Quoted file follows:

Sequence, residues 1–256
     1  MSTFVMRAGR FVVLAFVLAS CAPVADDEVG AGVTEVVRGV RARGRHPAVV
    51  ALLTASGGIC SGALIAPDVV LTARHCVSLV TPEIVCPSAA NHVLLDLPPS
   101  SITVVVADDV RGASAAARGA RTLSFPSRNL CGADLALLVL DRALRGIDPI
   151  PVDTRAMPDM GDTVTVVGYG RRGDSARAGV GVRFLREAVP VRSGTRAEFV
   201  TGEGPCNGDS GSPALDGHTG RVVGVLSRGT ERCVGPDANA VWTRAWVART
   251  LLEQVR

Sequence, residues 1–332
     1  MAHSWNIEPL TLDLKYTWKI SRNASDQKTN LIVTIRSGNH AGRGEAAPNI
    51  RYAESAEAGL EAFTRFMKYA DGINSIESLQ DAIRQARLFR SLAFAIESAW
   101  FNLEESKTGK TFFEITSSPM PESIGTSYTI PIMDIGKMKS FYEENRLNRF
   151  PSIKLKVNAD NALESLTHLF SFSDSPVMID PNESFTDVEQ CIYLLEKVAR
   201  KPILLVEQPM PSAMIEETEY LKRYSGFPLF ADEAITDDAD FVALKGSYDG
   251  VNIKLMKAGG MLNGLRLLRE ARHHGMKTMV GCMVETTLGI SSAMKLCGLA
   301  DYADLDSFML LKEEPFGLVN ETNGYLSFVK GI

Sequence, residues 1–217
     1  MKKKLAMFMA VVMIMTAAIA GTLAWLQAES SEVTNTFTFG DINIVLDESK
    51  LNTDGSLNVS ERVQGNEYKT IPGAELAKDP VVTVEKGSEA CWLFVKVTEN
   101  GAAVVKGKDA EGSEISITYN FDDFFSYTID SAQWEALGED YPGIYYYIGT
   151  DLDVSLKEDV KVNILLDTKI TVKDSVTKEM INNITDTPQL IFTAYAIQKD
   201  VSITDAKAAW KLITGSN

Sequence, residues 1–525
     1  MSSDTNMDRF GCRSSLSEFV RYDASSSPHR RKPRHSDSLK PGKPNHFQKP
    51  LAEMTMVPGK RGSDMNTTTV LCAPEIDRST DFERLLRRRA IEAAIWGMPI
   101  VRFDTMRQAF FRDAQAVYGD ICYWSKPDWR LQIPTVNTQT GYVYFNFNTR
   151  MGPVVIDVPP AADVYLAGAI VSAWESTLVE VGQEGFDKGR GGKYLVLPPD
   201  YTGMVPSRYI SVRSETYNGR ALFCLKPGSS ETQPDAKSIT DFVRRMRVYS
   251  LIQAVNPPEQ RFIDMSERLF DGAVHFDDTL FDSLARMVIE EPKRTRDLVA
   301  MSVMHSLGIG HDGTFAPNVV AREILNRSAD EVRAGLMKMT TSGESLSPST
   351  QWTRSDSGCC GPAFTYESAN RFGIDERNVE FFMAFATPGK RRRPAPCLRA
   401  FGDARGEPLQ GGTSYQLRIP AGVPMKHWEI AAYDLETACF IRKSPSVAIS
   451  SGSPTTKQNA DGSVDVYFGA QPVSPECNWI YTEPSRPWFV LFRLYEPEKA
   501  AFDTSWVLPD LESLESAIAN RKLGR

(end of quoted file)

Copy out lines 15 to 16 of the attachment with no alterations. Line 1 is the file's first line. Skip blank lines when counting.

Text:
   301  DYADLDSFML LKEEPFGLVN ETNGYLSFVK GI

Sequence, residues 1–217